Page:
Satan’s Speech Christian Religious Narrative Poem

Satan's Speech
A Narrative Poem with Religious Themes

Satan stepped up to the podium,
cleared his throat, and tapped the microphone
to address his legions of demons gathered
with each new, human generation
to discuss matters of military penetration.
"It is no longer necessary
to corrupt good for evil," he said.
"It's quite satisfactory to distract
the mind and heart from mission to resignation,
carried away by the slews of sedition,
soul-numbed in leisurely pursuits.
Preferable, in fact.
For who questions convenience?
Which one of your clients challenges comfort
or inspects the tools built by good intention?"

"If there's one thing we know,
dear friends, is how given the choice,
the allure of sin is stronger
than righteousness in even the nicest fellow.
But sin disguised as harmless, helpful, fun,
beguiled by necessity for modern life...
well, that's the Trojan Horse 
that turns the tides of war - 
the break we've waited eons for."

A light echo of laughter
broke out across the room.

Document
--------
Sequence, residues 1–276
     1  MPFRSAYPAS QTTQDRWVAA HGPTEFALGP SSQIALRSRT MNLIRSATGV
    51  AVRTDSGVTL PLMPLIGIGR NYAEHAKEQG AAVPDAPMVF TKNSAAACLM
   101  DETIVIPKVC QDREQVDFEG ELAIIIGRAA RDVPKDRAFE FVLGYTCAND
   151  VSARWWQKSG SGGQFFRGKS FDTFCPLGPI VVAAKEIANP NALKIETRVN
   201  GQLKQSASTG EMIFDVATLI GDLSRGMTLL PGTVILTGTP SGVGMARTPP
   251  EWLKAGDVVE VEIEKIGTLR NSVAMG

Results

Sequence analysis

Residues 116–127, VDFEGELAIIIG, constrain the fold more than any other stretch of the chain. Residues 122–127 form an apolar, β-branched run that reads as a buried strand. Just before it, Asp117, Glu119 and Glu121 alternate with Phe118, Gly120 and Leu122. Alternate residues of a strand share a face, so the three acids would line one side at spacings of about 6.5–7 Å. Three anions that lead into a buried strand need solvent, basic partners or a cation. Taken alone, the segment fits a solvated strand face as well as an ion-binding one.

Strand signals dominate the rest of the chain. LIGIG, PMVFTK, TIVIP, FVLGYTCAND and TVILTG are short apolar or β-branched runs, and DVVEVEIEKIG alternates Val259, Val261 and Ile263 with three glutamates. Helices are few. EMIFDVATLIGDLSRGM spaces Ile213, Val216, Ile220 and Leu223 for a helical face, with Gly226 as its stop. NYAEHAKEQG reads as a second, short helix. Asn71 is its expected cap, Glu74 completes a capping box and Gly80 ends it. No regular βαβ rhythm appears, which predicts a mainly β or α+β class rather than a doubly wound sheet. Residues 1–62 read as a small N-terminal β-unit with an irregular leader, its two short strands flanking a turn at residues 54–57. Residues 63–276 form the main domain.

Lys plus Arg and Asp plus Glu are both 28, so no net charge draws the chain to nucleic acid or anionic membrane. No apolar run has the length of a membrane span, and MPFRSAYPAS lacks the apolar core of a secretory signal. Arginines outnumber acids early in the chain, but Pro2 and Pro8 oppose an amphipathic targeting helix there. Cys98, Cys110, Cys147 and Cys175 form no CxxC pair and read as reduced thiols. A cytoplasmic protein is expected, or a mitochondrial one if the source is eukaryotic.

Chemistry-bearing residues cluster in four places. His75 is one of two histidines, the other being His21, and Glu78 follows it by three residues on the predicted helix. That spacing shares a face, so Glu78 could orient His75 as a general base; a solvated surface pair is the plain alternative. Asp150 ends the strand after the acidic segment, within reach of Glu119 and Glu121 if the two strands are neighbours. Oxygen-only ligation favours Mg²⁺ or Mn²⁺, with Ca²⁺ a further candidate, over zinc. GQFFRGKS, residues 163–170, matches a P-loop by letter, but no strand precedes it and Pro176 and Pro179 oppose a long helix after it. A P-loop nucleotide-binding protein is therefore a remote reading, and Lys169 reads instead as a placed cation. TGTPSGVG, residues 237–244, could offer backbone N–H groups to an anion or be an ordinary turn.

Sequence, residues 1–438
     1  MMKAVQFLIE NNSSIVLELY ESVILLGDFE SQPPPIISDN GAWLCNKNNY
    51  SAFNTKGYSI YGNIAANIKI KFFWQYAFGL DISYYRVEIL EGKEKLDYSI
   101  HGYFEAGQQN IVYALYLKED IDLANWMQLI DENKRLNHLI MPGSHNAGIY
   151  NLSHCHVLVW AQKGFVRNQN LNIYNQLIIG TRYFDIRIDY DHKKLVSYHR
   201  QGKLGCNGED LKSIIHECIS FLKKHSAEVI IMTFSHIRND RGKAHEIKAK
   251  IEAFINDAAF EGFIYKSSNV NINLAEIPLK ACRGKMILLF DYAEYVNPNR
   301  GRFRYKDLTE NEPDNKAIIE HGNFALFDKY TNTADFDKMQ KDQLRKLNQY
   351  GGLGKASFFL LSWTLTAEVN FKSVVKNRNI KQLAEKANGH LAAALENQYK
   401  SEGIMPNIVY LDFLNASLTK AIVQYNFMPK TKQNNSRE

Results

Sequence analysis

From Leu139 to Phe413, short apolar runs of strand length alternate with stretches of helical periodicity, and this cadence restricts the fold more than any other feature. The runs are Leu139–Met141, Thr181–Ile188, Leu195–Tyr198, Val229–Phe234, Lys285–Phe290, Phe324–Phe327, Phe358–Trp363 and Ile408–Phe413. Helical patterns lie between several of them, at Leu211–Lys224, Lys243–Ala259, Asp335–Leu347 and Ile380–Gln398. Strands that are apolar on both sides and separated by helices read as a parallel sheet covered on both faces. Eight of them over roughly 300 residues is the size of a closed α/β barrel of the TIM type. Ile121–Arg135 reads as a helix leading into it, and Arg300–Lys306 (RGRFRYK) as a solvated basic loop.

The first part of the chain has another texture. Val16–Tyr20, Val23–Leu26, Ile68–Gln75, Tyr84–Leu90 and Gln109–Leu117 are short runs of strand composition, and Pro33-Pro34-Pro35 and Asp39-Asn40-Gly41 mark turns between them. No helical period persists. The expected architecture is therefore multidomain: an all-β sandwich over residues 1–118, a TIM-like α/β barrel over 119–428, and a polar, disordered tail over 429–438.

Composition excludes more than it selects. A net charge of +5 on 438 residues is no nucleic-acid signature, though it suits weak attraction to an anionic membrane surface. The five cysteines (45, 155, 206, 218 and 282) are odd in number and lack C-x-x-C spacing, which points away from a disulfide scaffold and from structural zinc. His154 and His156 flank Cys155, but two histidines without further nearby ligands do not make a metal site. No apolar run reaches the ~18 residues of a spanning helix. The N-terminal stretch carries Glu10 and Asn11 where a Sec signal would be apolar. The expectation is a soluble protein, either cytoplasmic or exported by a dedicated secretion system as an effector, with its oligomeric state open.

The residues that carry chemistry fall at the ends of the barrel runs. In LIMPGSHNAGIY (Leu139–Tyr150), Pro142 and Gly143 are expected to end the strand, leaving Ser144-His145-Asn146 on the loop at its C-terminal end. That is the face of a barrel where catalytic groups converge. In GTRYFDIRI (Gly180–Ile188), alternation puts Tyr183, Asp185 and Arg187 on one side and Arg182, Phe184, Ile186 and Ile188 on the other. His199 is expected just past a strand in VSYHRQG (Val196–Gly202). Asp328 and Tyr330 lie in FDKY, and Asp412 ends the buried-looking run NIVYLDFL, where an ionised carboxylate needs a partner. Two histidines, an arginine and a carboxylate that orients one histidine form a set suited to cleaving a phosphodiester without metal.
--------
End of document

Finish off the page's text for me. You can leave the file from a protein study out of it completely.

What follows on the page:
Abaddon leaned in close to the mic,
"If you don't understand the chuckle of your neighbor,
you're far too young to understand our plight
across the ages and the countless battles
we've fought for control of the human heart.
For even the wisest sages
are penetrable in a world of distraction.
We no longer need to trade truth for lies.
Just simply plant alibis 
to embrace the easy and immediate
in favor of the important and inconvenient
until it becomes buried
beneath a pile of endless
beeps, dings, and buzzes,
and they'll forget Truth was ever there to begin with."

He grabbed the mic from the stand
and began pacing across the stage,
his powerful, intoxicating shadows
dancing across the walls,
magnified by the candlelight.
Lucifer continued,
"Could it get any easier, my friends?
Remember the centuries when
we'd have to convince them
to pluck the fruit
fully aware of their sin
and our whispers slithering out of the bush?"

"We now simply need to convince them
that the world has grown far too large
for them to make a difference,
that their lives are too busy for prayer,
and that reading is antiquated...
far easier to keep that vile book
we all abhor out of their hands
than convince them it belongs in the trash."

"Don't you know 'faith without works is dead'?"
Belial said with a smirk.
"And modern technology
keeps their restless hearts so busy,
they don't even realize they're dying inside."
A deep, wicked, bellowed laugh
amplified from the stage
and an applause rang throughout the crowd.

Justin Farley

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